Evaluating President Bush's 2006 Budget
by Ron Sider
"When the king is concerned with justice, the nation will be strong, but when he is only concerned with money, he will ruin his country."
Every budget is a moral document. Your family budget reflects what you value. President Bush's proposed budget for fiscal year 2006 tells us what he values. As the House and Senate reshape the president's proposed budget, they are telling us what they value.
Christians must start with a set of biblically grounded moral norms in evaluating this budget. Most broadly that means we must be pro-family and pro-poor, pro-life and pro-creation care. In this essay I focus largely on the question of economic justice for poor people.
Hundreds of biblical texts tell us that God has a special concern for the poor and demands that rulers seek justice for the poor. The new official public policy document of the National Association of Evangelicals declares that "God measures societies by how they treat the people at the bottom" and says the Bible calls us to "work toward equality of opportunity." It urges Christians to "work in the political realm to shape wise laws that protect those trapped in poverty and empower the poor to improve their circumstances."
Thinking in a Christian way about political proposals like the 2006 budget requires more than biblical norms. We need to understand the context. Several things are especially important: 1) recent budget deficits (first because of the 2001 recession and then because of huge tax cuts) have become so large that many economists worry they may severely damage future economic well being; 2) military expenditures have greatly increased in the last few years; 3) American society has become increasingly unequal in the last several decades; and 4) the number of people in poverty and without health insurance has increased in all the last three years.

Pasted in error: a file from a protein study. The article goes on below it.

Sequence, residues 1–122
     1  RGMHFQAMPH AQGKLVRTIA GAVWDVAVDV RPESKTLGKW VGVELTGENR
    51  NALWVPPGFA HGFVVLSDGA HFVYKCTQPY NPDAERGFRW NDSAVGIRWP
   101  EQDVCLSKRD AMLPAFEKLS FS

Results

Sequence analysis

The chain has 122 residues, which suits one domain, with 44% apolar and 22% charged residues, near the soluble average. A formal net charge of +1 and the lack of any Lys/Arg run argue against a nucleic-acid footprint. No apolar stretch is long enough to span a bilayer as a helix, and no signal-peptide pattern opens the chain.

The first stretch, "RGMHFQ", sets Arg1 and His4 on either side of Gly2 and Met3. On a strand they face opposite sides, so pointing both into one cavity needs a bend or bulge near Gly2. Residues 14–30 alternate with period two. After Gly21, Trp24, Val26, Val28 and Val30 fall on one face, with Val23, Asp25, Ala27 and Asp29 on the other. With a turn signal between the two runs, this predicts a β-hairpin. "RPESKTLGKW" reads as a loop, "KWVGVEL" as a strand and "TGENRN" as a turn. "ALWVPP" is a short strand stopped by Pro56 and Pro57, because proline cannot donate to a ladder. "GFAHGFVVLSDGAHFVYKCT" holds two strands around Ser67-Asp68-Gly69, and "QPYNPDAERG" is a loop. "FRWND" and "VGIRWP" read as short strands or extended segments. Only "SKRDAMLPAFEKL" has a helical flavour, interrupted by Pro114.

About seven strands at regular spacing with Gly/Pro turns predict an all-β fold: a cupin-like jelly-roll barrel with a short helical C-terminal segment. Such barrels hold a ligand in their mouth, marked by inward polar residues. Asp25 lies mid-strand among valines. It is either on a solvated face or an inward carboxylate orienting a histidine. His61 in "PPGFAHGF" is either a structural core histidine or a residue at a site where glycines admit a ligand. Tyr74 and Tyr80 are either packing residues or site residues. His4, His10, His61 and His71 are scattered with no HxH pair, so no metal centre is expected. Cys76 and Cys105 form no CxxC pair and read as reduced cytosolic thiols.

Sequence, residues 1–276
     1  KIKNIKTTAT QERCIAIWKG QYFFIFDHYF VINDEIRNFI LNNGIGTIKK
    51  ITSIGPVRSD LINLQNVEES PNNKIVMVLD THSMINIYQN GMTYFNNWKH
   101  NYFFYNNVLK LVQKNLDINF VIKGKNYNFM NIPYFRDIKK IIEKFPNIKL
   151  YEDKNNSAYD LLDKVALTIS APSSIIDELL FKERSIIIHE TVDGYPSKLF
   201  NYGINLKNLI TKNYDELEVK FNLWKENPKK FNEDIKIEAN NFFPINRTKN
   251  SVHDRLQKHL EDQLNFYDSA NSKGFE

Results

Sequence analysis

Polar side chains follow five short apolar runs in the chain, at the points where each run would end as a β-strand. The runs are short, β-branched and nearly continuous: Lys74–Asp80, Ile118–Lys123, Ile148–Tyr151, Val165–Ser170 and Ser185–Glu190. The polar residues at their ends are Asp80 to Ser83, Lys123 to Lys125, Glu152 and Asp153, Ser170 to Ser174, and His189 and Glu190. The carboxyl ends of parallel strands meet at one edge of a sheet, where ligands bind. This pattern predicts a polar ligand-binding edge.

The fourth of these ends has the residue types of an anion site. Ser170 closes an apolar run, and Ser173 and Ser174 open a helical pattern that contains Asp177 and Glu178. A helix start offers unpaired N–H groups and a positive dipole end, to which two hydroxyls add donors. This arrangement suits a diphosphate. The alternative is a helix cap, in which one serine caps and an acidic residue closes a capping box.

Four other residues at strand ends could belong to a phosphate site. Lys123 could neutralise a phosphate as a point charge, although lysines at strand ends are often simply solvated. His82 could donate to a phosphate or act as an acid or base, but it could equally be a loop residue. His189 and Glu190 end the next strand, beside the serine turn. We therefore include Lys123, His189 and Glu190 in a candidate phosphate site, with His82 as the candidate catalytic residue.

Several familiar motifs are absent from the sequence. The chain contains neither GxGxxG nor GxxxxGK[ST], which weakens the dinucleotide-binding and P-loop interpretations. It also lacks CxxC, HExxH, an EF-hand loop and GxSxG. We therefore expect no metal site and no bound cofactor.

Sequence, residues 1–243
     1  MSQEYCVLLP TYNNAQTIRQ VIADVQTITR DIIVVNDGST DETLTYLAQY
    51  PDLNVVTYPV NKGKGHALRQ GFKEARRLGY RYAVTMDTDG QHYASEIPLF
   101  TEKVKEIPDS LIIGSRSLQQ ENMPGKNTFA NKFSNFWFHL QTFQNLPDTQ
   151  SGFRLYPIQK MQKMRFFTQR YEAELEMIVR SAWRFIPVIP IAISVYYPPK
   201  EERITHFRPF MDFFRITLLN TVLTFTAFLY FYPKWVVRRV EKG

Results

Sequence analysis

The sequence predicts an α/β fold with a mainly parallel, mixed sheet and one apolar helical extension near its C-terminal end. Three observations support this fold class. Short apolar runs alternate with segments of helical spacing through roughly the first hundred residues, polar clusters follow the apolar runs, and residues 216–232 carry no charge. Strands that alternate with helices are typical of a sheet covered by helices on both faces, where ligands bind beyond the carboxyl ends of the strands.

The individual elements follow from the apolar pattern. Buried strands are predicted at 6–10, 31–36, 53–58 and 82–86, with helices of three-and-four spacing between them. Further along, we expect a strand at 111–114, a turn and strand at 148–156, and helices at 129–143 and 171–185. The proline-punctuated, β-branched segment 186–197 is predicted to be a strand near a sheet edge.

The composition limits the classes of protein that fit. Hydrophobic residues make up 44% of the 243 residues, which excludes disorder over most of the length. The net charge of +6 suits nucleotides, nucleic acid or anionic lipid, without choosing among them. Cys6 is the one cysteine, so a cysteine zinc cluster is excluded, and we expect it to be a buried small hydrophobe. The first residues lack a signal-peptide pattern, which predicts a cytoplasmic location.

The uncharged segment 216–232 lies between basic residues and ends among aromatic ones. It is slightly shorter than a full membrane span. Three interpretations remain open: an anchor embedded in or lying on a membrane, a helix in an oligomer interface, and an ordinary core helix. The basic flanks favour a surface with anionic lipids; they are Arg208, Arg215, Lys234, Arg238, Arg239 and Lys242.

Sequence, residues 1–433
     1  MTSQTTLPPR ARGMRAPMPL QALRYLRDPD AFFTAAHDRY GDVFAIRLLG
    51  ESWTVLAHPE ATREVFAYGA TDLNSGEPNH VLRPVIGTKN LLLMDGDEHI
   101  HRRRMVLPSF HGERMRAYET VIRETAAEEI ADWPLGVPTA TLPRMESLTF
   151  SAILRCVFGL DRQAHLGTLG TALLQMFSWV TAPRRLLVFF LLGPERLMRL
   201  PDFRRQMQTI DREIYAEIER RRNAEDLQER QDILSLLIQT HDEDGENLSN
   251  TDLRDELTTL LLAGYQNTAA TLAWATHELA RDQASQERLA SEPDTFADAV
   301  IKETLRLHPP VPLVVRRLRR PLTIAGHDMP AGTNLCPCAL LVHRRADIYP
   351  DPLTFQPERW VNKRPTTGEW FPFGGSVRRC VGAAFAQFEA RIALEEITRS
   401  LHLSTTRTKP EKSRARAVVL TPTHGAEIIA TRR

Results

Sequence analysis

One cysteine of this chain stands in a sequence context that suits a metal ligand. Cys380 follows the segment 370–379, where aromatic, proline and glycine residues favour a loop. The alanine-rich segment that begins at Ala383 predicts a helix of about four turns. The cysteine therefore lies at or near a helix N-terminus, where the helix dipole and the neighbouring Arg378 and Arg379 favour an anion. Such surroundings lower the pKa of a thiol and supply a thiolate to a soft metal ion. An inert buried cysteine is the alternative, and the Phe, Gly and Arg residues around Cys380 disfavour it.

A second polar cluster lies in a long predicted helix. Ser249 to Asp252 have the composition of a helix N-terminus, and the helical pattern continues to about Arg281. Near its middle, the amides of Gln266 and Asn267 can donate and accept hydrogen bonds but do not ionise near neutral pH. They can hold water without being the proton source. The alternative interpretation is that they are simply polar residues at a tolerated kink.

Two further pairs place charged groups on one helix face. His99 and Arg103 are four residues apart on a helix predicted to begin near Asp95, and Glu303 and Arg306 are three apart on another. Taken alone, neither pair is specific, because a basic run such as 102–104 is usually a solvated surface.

From 1977 to 1994, the poorest 60 percent of all Americans actually lost in terms of after-tax income while the richest 1 percent gained 72 percent. Even the poorest 20 percent benefited a little from the economic growth of the later 1990s. But the richest 20 percent got most of the benefits. From 1979 to 2001, the annual after-tax income of the richest 1 percent grew by 139 percent (from $294,300 to $703,100) while the bottom 20 percent saw a small gain of 8.5 percent (from $13,000 to $14,000).
Already in 2000, the U.S. was the most unequal society of all industrialized nations. In fact, the richest 1 percent had more wealth than the bottom 90 percent.
The Bush tax cuts made things even more unequal. Just 5 percent of the huge tax cuts in 2001 and 2003 went to the bottom 20 percent (an average of $27 per person), while 70 percent of all the tax benefits went to the richest 20 percent – 26 percent went to the top 1 percent (an average of $34,992 per person!).
The number of people in poverty has grown by more than 1 million each year for the last three years: 17.6 percent of America's children are in poverty; 45 million Americans lack health insurance.
So what does the president's budget do? It provides for more tax cuts for the rich, expands the military budget, and cuts dozens of programs that help poorer Americans. Does God really want poor Americans to bear the burden of paying for the war in Iraq and balancing the federal budget?